DEADLINE EXTENDED: Between Heaven and Ground: Exploring new atmospheres
Between Heaven and Ground: exploring new atmospheres
The atmosphere is an ever-present component of the Earth, and although airy and diffuse, gives rise to an endless multiplicity of realisations, affects and presences. The epistemological and ontological vagueness of the atmosphere belies the criticality of the atmosphere as central to conditions of being (both human and more-than-human), and as a material site for attention and attunement. As Lyall Watson writes in Heaven’s Breath, ‘the more we learn about our atmosphere, the more substantial it becomes… close to being a living tissue in its own right’ (1985: 146).
Far from being simply the space between heaven and ground, we apprehend the atmosphere now as a key site within the contemporary. The ecological significance of the atmosphere becomes clear as the sky grows thick through rising pollution levels and climate crisis. Central to contemporary political landscapes, the air and the atmosphere is a tool of control, wielded, mobilised, weaponised, owned and politicised. We think here of smoke filled skies, tear gas, drone warfare, police violence and virulence, with transit through atmospheres and the air increasingly regulated and complicated in our current period. But we consider too the connective capacities of the atmosphere, in light of satellites and communication technology, the sky filled with transmissions between devices and those who wield them. This extends into the biological, as the atmosphere becomes internalised through the mechanics of respiration.
Just as the atmosphere shapes our physical experience of the world, it also forms a fundamental aspect of the human experience. As Bille posits, atmosphere is an important part of the identities and conceptualisations of landscapes, architecture and homes’, circumscribing or filling the spaces we inhabit (2015: 32). Despite their ubiquity, however, the notion of an atmosphere resists definition, encountered in everyday language as ‘ambience’, ‘sense of place’, or the ‘feel’ of a room, and more philosophically in terms such as Stimmung, ‘mood’ or ‘attunement’ (Heidegger, 1962: 134), as ‘tempered space’ (Bollnow, 1963: 230), as ‘tinctured’ or ‘tuned’ spaces (e.g. Bohme, 1993: 121), or as that which ‘corporeally moves the perceiving person’ (Schmitz et al., 2011: 257). Atmospheres, Bohme offers, are ‘spheres of the presence of something, their reality in space’ (Bohme, 1993: 121-122).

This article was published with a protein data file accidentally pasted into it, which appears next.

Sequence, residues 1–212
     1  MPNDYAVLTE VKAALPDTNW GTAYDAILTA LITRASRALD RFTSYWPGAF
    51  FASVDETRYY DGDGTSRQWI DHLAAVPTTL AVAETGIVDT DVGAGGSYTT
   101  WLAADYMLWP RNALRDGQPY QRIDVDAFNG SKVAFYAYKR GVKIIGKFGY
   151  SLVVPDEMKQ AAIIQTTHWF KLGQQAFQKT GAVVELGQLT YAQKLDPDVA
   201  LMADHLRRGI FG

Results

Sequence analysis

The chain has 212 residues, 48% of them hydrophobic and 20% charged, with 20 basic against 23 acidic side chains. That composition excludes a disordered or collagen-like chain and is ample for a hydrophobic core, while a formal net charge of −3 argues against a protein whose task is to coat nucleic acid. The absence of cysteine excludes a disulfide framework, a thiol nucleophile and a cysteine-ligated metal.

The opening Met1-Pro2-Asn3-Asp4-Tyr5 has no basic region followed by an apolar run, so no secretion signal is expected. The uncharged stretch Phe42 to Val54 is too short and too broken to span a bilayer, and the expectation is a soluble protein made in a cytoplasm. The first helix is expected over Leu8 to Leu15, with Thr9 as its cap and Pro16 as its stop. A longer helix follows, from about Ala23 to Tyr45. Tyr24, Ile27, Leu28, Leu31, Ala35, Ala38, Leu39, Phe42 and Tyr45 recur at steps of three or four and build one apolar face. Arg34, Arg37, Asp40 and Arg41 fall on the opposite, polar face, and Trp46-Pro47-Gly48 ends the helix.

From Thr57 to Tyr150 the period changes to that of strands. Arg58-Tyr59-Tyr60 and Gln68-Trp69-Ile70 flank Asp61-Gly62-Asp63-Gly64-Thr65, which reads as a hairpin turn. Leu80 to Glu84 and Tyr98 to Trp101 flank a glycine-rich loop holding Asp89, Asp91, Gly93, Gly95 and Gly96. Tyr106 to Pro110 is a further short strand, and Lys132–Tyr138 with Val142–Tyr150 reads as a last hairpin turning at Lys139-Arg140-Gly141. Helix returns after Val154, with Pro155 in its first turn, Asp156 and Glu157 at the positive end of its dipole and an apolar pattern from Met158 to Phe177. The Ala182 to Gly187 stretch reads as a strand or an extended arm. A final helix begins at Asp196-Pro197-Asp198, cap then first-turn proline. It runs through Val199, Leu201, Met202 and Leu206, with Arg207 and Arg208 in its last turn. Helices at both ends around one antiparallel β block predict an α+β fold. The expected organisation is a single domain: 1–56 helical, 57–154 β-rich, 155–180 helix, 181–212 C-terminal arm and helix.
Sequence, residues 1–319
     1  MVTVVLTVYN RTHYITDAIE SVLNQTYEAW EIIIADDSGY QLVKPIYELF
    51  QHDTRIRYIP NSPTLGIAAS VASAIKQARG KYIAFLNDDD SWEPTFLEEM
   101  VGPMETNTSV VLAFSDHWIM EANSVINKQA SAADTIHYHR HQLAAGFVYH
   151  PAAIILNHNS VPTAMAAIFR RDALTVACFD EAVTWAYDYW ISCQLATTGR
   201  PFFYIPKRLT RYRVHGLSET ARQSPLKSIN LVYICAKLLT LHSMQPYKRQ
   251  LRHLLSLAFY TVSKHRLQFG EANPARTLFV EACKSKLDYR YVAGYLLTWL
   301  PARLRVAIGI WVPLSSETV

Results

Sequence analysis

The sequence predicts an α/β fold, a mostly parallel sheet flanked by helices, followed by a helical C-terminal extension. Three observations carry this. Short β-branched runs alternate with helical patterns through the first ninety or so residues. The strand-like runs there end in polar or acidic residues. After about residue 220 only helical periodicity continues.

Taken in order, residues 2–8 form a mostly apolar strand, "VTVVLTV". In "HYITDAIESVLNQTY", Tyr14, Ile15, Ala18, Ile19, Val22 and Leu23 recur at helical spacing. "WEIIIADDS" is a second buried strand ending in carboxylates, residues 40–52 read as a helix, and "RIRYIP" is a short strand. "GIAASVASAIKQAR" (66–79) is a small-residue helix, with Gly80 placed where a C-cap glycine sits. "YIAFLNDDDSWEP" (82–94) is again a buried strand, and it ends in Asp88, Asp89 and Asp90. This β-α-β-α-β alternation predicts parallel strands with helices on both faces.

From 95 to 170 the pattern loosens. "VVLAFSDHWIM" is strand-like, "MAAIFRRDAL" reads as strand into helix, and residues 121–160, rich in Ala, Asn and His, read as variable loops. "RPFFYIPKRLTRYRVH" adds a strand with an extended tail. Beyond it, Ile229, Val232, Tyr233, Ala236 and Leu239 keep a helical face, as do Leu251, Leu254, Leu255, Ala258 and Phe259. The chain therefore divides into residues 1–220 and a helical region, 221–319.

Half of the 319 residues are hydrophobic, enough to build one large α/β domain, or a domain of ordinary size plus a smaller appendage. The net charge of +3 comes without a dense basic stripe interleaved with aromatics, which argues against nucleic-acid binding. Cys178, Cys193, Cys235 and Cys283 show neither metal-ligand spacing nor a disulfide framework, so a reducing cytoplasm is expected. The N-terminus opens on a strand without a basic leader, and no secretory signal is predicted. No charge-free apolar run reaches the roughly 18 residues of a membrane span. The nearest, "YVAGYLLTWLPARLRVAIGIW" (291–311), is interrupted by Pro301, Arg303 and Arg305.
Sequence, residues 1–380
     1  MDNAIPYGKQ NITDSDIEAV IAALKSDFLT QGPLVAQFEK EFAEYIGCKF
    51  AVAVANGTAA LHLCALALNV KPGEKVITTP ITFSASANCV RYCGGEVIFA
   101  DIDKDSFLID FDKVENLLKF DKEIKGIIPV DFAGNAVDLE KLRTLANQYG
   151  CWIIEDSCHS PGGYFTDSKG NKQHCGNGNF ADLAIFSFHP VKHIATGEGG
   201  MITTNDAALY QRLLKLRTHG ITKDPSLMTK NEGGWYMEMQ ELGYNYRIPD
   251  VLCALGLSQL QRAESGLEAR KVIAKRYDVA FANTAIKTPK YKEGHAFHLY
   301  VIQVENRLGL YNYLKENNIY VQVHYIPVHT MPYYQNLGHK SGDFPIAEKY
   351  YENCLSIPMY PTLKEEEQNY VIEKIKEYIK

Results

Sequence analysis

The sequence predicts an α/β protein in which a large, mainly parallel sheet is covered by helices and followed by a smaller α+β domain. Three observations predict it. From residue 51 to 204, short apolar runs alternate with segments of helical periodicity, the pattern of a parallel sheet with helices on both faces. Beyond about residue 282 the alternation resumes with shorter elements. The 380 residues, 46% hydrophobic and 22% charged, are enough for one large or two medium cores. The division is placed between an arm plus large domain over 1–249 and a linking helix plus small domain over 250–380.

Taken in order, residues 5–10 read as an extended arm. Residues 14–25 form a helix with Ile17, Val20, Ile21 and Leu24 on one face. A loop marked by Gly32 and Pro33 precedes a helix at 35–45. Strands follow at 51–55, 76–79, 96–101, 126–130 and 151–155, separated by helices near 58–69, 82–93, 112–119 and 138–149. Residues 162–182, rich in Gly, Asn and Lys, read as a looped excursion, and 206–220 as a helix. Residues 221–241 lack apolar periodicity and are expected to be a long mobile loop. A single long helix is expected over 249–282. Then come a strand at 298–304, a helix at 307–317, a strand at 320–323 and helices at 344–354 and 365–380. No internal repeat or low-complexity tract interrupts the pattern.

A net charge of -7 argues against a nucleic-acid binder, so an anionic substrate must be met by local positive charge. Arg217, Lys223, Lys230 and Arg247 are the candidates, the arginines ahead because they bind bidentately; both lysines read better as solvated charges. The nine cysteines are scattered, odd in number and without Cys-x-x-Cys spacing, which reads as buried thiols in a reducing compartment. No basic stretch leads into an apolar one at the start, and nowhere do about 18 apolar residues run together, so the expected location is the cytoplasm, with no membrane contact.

This publication emerges from new developments in the growing field of the atmospheric humanities and seeks understandings of the political and socio-cultural dimensions of atmospheric experience, knowledge and practice. We call for abstracts which address critical and necessary considerations of atmospheres across the arts, with reference to climatological realities and practices across time seeking to present, alter, or capture atmospheres in all their multiplicities. In particular we seek engagements with atmospheric frames through material practice, across the visual arts in which the perceived immateriality of the atmosphere is made manifest through performance, object and installation. We seek critical considerations of artistic engagements with atmospheres across time, as registered in painterly practice through landscape tradition. We welcome contributions from scholars whose work spans disciplines, including, but not limited to, literary and media studies, history of science, environmental history, aesthetics, visual arts, architecture, phenomenology, and social sciences.
*inclement weather, clouds fog and storms
*atmospheres as affect, tied through climate crisis to anxiety, mourning and solastalgia
*visualisations of the atmosphere within arts contexts
*material cultures of the atmosphere
*human understandings of the atmosphere and related concepts such as weather and climate
*representations of atmospheres in art and popular culture
*interfaces and interactions between scientific understanding(s) of the atmosphere and other ways of knowing or experiencing the atmosphere (e.g. political, indigenous, religious, philosophical, aesthetic).
*heaven and faith through presence and spirituality
We seek proposed abstracts for chapters and essays to form part of an edited volume which will be pitched to contemporary arts publishers, looking toward publication in early 2023. We are open to responses outside of traditional academic proposals, with visual and material engagements with contemporary practice welcome. 300 word abstracts and short biographical statements can be sent to Chantelle Mitchell and Jaxon Waterhouse, email@example.com by January 30, 2022.